I then let off the gas and that’s when it went from bad to worse. The car turned left and started sliding sideways. I crossed the finish line sideways in my lane. The car contacted the left guard wall about 250-300 feet past the finish line.
The car spun around and rolled on to the roof and hood and then back over. The driver side of the car contacted the Armco guardrail at the first turn off which then pitched the car back onto the race surface and it came to a stop.
The driver door would not open and window would not roll down. I climbed out of the now shattered passenger window. As I came out of the car, the starter was already there helping me out of the car and making sure power was off. I was checked out by the EMT and Ron Gibson brought his flatbed down for us to load the car up.
Thanks to other racers, especially Ron and Pat Gibson, we were able to load the car. The whole time I looked at the car, I was devastated. I was not physically hurt but more emotionally destroyed. The car was making positive strides to being competitive.
I was able to walk away from the crash because of the safety equipment and a well built cage. The car is now in the shop on jack stands and we will begin the deconstruction. Currently it looks to be out of range for us to rebuild the car but, that will be analyzed more as we pull it apart. The future of the Camaro is uncertain at this time but you never know what will happen.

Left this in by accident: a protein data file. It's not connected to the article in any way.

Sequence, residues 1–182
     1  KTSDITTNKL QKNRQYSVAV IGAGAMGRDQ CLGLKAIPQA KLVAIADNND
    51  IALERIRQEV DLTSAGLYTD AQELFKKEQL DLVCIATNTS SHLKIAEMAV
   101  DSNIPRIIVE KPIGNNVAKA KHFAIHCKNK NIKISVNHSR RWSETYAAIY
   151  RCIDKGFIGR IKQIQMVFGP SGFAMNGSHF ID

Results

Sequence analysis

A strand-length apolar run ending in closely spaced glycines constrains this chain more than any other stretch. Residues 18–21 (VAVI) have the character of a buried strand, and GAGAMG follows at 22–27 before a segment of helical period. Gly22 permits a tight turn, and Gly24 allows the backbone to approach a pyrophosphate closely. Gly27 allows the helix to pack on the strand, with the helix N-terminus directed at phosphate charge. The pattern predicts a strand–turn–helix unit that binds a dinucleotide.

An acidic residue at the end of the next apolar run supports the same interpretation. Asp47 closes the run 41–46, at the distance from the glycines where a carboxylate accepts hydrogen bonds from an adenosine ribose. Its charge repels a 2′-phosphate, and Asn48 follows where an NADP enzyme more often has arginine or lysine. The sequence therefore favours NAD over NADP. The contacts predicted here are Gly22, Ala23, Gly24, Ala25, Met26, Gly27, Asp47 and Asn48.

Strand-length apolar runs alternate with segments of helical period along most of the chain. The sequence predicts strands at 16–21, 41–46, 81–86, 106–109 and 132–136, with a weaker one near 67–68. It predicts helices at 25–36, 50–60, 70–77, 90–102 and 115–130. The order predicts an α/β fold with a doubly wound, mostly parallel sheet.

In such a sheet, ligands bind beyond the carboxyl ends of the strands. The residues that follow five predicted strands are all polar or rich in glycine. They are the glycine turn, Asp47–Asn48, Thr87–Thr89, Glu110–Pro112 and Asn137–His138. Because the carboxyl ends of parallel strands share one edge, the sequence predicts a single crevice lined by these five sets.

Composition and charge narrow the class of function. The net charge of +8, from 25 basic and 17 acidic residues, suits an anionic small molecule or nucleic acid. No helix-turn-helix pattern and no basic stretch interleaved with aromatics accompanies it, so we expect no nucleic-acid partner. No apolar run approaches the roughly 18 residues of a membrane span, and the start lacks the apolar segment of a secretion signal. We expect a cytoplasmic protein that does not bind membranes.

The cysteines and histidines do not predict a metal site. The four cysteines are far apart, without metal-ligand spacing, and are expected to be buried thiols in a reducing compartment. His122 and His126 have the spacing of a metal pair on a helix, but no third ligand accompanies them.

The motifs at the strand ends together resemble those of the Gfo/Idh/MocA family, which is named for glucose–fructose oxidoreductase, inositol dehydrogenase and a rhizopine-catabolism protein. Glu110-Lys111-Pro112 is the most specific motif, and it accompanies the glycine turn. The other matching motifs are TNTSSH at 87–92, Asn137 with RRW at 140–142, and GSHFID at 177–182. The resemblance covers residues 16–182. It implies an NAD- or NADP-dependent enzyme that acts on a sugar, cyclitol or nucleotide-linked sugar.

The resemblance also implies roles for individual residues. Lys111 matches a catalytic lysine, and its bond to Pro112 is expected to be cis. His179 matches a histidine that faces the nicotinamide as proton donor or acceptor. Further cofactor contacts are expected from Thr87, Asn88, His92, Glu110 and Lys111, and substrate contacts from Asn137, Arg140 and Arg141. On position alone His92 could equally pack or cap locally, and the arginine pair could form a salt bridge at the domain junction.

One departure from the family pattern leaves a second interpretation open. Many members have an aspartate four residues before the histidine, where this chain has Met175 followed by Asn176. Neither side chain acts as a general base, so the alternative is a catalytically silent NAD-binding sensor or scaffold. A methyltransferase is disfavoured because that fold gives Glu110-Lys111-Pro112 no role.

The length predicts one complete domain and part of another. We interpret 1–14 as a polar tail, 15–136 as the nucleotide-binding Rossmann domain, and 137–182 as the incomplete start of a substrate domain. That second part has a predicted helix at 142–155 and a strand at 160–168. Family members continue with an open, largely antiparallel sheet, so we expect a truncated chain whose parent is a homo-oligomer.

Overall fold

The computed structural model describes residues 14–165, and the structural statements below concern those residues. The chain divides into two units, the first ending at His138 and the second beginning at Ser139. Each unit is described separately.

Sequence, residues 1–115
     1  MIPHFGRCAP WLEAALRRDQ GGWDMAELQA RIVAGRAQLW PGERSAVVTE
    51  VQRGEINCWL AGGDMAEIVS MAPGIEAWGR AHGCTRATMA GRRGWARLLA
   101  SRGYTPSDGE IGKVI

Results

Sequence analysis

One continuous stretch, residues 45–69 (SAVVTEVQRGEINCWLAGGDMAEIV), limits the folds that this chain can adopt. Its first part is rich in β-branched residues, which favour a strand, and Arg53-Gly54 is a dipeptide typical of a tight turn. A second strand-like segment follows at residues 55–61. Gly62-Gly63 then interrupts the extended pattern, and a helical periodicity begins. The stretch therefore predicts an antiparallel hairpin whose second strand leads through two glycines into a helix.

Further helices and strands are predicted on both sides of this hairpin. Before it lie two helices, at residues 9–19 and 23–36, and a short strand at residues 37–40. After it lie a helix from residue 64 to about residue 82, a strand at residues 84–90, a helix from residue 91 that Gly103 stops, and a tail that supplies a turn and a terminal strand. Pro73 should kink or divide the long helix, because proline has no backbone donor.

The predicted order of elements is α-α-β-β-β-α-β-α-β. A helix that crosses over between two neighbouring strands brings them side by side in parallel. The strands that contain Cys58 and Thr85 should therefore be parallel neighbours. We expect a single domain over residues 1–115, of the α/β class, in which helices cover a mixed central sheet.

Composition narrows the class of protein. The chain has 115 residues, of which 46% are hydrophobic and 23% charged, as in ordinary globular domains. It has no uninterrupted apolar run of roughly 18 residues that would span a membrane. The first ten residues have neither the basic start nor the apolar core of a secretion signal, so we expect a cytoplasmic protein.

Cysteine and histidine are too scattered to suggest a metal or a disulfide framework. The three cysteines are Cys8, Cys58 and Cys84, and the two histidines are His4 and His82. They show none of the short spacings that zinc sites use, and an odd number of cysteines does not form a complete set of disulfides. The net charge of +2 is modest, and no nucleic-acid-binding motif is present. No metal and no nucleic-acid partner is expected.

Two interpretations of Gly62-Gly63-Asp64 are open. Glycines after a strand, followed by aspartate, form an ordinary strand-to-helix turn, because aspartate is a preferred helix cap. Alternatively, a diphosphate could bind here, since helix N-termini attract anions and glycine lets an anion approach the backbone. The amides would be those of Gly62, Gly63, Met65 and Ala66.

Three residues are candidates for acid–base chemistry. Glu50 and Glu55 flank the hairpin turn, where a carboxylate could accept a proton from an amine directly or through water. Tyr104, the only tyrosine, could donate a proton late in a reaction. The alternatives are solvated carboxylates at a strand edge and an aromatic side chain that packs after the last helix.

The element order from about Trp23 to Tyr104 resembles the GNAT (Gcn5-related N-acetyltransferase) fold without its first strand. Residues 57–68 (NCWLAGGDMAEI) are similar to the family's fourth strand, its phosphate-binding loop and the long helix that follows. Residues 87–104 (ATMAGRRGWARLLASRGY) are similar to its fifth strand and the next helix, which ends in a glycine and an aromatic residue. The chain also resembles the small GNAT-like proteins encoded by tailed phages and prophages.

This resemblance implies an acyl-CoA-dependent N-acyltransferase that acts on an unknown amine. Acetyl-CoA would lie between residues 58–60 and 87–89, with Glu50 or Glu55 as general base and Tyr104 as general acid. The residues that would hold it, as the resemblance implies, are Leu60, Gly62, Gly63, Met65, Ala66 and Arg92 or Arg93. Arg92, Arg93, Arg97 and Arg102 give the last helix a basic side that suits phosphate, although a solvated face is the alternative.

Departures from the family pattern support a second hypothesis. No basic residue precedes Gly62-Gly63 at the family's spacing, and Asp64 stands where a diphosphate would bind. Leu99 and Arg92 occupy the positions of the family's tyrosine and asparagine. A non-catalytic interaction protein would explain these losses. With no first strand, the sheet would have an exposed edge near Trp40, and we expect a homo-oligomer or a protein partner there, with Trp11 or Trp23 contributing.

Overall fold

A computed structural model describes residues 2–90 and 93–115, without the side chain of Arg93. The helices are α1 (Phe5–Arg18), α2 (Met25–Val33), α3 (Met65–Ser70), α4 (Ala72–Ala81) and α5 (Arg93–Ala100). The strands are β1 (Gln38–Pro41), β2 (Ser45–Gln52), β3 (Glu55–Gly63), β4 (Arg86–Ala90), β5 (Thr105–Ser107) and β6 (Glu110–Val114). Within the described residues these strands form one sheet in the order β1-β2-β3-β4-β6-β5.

This car has been a part of the family longer than most cars, it was almost sold at one time. Thankfully it did not leave. It has caused many headaches and has been upgraded many times.
I can not thank my parents enough for allowing to race and always helping me. A special thank you to my girlfriend, Keisha Moline, for everything, she has been through it all with this car.
I have many people that helped methroughout with this car.
- Alan and the whole crew at SDPC Raceshop
- Callies Performance
- Lucas Oil
- Vic at Wiseco Pistons
- Joe and John at APD
- Luke & Kevin at ThisIsBracketRacing ELITE
- Chris at Nath Speciality Coatings
- Troy and Grey at FTI
- Terry at Sullivan Motorsports
- Brian and Marnie at ADG Fasteners
- Mickey Thompson Tires
- Eric at Penske
- Tina and Kim at Smith Racecraft
- Eric Sandlin
- Plus many others that I know I am forgetting.
Remember to always be safe and wear the proper stuff. You know what you should wear…. It can happen to you.
About the Author: Chase Huffman currently competes in his Super Comp dragster and Super Street Camaro. Having grown up around racing, Chase climbed into a junior dragster at the age of eight. At sixteen, Chase moved into the big cars eventually winning the NHRA Fall Nationals in Dallas. On most weekends, you’ll find Chase at the track with family and friends.